While searching for slot canyons, I find Road Trip Ryan‘s very nice travel site. In addition to an extensive list of slot canyons, each with a page of descriptions, directions, and maps (and a handy page on the canyon rating system), Ryan also has all this great information for petroglyphs, Indian ruins, hot springs, caves, ghost towns, and other geological oddities out west, mostly in Utah. It will take a while to get through all of it. I had already been looking at some petroglyph sites, so those are especially exciting to find.
Ryan says on his ghost town page, “Utah’s West Desert is a barren place, far more populated by wild horses and coyotes than people.” Wait… wild horses? There are wild horses in Utah? A little searching on that finds the BLM’s Utah Herd Management Areas and the Wild Horse Tourist site. We’ll have to hunt down those horses!
Another find at Ryan’s site is the Burpee Dinosaur Quarry. We love us some dinosaurs! Turns out there’s a museum too, the Burpee Museum of Natural History; looks cool, it is associated with the quarry, and I mark it on the map, but it turns out to be up near Chicago. I guess that’s for another trip. While I’m looking around Hanksville, Utah for the quarry, I spot the Mars Desert Research Station. So, I mark that too. I’m having trouble finding the quarry. Google doesn’t even know where it is. I find more articles and see that they have had tours every summer, but I see nothing on a tour schedule for this summer, just instructions to go to the Bureau of Land Management there in Hanksville if you want a tour. I do find current prices for getting to actually dig up dinosaur bones out of the quarry. It costs over a thousand dollars for a week, and you don’t get to keep them, of course.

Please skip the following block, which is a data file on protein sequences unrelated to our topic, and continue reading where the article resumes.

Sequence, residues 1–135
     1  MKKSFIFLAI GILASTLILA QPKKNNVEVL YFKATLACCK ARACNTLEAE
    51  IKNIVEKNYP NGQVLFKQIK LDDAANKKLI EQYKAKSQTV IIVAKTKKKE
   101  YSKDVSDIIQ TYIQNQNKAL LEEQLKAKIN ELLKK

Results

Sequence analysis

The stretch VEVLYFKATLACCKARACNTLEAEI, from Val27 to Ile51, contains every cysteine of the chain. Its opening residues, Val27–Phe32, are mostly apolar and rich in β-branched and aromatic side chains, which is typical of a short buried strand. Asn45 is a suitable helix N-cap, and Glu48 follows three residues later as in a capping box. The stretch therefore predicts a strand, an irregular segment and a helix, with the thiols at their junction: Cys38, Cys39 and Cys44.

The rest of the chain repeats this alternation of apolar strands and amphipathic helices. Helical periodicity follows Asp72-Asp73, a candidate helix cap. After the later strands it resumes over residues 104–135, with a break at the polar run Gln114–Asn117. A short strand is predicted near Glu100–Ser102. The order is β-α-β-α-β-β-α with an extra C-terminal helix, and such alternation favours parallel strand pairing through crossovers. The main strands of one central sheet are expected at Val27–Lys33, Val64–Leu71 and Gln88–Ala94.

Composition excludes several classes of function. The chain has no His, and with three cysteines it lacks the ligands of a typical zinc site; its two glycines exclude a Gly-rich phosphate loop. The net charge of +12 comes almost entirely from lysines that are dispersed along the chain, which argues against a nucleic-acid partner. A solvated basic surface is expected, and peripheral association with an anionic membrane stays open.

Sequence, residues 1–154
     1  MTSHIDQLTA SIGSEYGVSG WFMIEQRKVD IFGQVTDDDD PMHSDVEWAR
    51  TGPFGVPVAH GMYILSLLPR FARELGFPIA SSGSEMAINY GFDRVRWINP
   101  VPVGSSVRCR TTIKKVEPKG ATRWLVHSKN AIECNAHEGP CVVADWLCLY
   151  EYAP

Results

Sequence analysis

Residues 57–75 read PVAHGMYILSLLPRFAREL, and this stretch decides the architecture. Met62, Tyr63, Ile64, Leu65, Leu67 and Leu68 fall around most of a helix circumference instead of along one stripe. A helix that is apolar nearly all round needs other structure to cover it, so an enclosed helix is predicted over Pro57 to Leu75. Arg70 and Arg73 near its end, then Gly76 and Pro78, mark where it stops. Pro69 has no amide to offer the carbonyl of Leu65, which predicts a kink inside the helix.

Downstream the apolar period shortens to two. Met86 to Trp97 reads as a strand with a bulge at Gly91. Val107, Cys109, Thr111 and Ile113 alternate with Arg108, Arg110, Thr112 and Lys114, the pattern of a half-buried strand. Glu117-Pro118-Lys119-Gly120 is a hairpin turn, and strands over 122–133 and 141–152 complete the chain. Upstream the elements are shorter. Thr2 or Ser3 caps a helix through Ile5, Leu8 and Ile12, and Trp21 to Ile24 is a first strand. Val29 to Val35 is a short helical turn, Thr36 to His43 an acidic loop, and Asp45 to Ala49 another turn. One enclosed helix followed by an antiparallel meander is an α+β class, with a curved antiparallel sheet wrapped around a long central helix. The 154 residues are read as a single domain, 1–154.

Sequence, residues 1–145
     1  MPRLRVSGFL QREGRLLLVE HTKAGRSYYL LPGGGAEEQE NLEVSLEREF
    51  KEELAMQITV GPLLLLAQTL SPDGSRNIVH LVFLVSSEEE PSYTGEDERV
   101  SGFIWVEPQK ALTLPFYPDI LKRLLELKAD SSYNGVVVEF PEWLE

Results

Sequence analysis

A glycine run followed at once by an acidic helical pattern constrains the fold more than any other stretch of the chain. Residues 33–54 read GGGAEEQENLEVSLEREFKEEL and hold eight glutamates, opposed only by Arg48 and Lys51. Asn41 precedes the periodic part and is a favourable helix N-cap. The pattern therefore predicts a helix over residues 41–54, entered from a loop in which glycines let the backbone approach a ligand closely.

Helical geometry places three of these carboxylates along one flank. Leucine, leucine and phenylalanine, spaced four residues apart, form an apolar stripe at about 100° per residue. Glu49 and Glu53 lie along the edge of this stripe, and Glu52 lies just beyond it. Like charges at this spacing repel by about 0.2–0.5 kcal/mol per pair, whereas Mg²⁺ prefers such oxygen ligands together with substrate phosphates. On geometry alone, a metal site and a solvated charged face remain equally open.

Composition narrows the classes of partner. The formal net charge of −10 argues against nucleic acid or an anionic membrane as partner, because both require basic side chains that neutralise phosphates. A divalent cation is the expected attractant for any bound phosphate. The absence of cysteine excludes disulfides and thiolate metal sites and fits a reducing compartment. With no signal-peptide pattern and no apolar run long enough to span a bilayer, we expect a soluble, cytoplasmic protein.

While I’m trying to find information on the Burpee Quarry north of Hanksville, I discover another, maybe better dinosaur quarry to the south of Hanksville, the Cleveland-Lloyd Dinosaur Quarry, which is so cool that it’s also called the Jurassic National Monument. In this quarry has been found the densest concentration of Jurassic-aged dinosaur bones in the world. Their site doesn’t have hours; they still show “Closed for the season”. That’s something you encounter when you plan a vacation in the winter. But it does say that it’s only $5 for admission.
While marking these places on the map, I notice that I’ve already marked some other places around Hanksville, a couple of slot canyons and Goblin Valley State Park. And can’t forget that Martian research station. It’s looking like a pretty interesting area.
Then I find the Utah Geological Survey’s Fossil Guide! They have a list of rock collecting sites where you can pick up some wild geodes, chunks of agate, petrified wood, obsidian, quartz, and other neat rocks. And that’s just the beginning! Their site is really nice; they have an interactive map with tabs for dinosaur trackways, museums, and fossil quarries. In addition to the Cleveland-Lloyd quarry, they also list the quarry at Dinosaur National Monument on the border of Utah and Colorado, where I had already planned for us to go on this trip. Terry and I have been there before, but before we could take Benjamin there, the building began to sink. When we took Benjamin out west to see dinosaurs, we did go to Dinosaur, Colorado, but he didn’t get to see the quarry. So, we need to go there again.
A bunch of their dinosaur trackways also mention petroglyphs! I had no idea there were so many. So, now I have Ryan’s lists of places to go through as well as the Utah Geological Survey’s lists. I have to carefully go through that list of museums. We’ve been to several museums up in that area, and while it wouldn’t be the worst thing if we went back to one we had been to before, I want to look back over our previous trips and see exactly where we’ve been.
So I have a lot of places to mark on the map. And find those wild horses!